Example:  //header/from selects every element from that is a child of an element header

  This can be expensive, since it involves searching the entire document

Brackets and last()

  •   A number in brackets selects a particular matching child (counting starts from 1, except in Internet Explorer)

  Example:  /institute/department[1] selects the first department of the institute

  Example:  //student/roll_no[2] selects the second roll_no of every student in the XML document

  Example: //department/section[1]/student[2]

  Only matching elements are counted; for example, if a department has both sections and student, the latter are ignored when counting student

  •    The function last() in brackets selects the last matching child

  Example: /institute/department/section[last()]

  • You can even do simple arithmetic

  Example: /institute/department/section[last()-1]

 

Stars

  •   A star, or asterisk, is a “wild card”--it means “all the elements at this level”

  Example: /institute/department/section/* selects every child of every section of every department in the institute

  Example: //department/* selects every child of every department (sections, students, etc.)

  Example: /*/*/*/student selects every student that has exactly three ancestors

  Example: //*  selects every element in the entire document

Arithmetic expressions

           +                             add

           -                              subtract

           *                             multiply

          div                          (not /) divide

           mod                       modulo (remainder)

 

     Equality tests

  =                      “equals”          (Notice it’s not  ==)

!=                     “not equals”

But it’s not that simple!

             value = node-set  will be true if the node-set contains any node with a value that matches value

             value != node-set  will be true if the node-set contains any node with a value that does not match value

Hence,

             value = node-set  and  value != node-set  may both be true at the same time!

     Other boolean operators

and                  (infix operator)

or                     (infix operator)

              Example: count = 0 or count = 1

not()                 (function)

The following are used for numerical comparisons only:

<            “less than”                                  Some places may require &lt;

<=          “less than or equal to”             Some places may require &lt;=

 >            “greater than”                             Some places may require &gt;

         >=          “greater than or equal to”        Some places may require &gt;=

 

Some XPath functions

  XPath contains a number of functions on node sets, numbers, and strings; here are a few of them:

  count(elem) counts the number of selected elements

  Example: //section[count(student)=1] selects section with exactly two students children


  name() returns the name of the element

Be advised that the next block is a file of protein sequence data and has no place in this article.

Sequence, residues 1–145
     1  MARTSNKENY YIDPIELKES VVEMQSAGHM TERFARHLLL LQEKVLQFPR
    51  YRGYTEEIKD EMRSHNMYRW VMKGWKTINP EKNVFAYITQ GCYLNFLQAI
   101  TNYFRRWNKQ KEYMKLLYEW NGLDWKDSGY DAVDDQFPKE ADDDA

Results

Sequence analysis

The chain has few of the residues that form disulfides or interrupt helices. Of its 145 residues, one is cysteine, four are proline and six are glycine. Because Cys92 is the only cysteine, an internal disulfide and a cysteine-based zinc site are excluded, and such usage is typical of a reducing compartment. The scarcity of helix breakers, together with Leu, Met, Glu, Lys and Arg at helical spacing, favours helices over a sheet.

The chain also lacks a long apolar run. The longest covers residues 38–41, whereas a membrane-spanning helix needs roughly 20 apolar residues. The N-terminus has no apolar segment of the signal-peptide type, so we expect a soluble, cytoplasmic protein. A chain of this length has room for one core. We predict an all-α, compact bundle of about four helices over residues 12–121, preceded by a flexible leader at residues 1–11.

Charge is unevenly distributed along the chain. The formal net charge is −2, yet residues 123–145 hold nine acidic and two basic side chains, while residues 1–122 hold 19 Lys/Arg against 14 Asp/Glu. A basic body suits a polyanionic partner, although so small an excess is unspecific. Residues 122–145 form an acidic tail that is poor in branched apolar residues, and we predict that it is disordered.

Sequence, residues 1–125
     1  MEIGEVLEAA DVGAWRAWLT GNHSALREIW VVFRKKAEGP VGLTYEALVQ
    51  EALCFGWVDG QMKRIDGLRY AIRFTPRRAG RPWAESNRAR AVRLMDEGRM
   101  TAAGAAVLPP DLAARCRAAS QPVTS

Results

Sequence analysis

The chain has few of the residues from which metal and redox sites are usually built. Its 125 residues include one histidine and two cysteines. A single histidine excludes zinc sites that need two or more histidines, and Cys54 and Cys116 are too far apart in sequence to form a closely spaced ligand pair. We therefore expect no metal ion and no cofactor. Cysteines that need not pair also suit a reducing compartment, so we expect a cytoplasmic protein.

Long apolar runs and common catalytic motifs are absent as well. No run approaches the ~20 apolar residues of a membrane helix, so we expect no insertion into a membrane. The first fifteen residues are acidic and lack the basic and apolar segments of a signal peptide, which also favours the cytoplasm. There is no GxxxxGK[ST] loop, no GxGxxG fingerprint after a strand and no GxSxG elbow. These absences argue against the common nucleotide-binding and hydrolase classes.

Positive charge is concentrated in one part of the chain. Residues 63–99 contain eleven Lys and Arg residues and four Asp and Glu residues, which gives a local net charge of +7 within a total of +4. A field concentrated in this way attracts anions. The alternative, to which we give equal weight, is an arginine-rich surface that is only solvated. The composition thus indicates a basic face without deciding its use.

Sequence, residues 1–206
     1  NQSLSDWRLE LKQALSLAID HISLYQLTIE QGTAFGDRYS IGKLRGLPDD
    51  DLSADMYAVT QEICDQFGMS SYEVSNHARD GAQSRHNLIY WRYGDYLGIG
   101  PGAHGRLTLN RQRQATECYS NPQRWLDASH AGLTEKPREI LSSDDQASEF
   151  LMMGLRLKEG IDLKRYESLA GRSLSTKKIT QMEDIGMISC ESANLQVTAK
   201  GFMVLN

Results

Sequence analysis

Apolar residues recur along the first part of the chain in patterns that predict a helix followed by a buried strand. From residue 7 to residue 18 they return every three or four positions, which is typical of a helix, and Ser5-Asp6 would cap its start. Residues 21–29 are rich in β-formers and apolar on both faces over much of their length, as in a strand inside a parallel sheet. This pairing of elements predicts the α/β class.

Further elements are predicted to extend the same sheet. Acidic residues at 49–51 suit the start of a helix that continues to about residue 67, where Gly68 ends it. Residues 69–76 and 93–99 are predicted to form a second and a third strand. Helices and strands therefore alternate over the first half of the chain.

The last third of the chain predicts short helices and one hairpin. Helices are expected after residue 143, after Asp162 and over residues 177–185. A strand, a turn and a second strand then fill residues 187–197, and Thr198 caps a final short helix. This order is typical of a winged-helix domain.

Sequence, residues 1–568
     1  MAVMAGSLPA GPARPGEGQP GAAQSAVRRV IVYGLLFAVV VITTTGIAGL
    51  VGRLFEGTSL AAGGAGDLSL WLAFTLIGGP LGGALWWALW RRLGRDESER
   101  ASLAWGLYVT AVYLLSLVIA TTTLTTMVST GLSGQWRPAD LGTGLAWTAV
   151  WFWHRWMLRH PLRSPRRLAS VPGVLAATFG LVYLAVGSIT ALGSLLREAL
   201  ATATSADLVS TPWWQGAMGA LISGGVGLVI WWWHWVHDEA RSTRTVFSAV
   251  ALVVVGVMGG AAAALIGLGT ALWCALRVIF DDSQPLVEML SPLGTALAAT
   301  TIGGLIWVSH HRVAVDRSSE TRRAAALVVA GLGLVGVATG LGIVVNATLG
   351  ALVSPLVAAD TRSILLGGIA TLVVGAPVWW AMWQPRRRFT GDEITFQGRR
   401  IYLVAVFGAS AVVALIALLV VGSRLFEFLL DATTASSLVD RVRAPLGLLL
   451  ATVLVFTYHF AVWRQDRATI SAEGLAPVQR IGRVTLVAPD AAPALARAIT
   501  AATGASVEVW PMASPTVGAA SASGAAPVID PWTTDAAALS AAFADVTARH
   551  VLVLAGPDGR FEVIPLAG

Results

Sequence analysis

Example: //*[name()='student'] is the same as //student


  starts-with(arg1, arg2) tests if arg1 starts with arg2

  Example: //*[starts-with(name(), 'stu']


  contains(arg1, arg2) tests if arg1 contains arg2

  Example: //*[contains(name(), 'tud']

 Example:

Here is the example of an institute which has one department and a few students in it.

<INSTITUTE>

<DEPARTMENT>

     <DEPARTMENT_NAME>COMPUTER SCIENCE ENGINEERING</DEPARTMENT_NAME>

          <SECTION>

                <STUDENT>

                     <ROLL_NO>1201</ROLL_NO>

                      <MARKS>

                              <SUBJECT1>45</SUBJECT1>

                              <SUBJECT2>55</SUBJECT2>

                              <SUBJECT3>65</SUBJECT3>

                      </MARKS>

                </STUDENT>

                 <STUDENT>

                     <ROLL_NO>1205</ROLL_NO>

                      <MARKS>

                              <SUBJECT1>56</SUBJECT1>

                              <SUBJECT2>48</SUBJECT2>

                              <SUBJECT3>58</SUBJECT3>

                      </MARKS>

                </STUDENT>

                <STUDENT>

                     <ROLL_NO>1257</ROLL_NO>

                      <MARKS>

                              <SUBJECT1>51</SUBJECT1>

                              <SUBJECT2>49</SUBJECT2>

                              <SUBJECT3>53</SUBJECT3>

                      </MARKS>

                </STUDENT>

          </SECTION>

     </DEPARTMENT>

</INSTITUTE>

 

Now let’s display all the student details using a table with department name, roll number and marks.

1.JPG


Output:

 

2.JPG

 


Why is the department name missing?

When we say <?for-each:STUDENT?> the control is at <STUDENT> , (as you can see in the below diagram) but department name is not the child of student so we have to move the cursor to appropriate tag using xpath.

6.JPG

3.JPG


Output:


4.JPG


Here we used <?../../DEPARTMENT_NAME?> instead of <?DEPARTMENT_NAME?> so that the control jumps to two levels up in hierarchy and displays the DEPARTMENT NAME.

7.JPG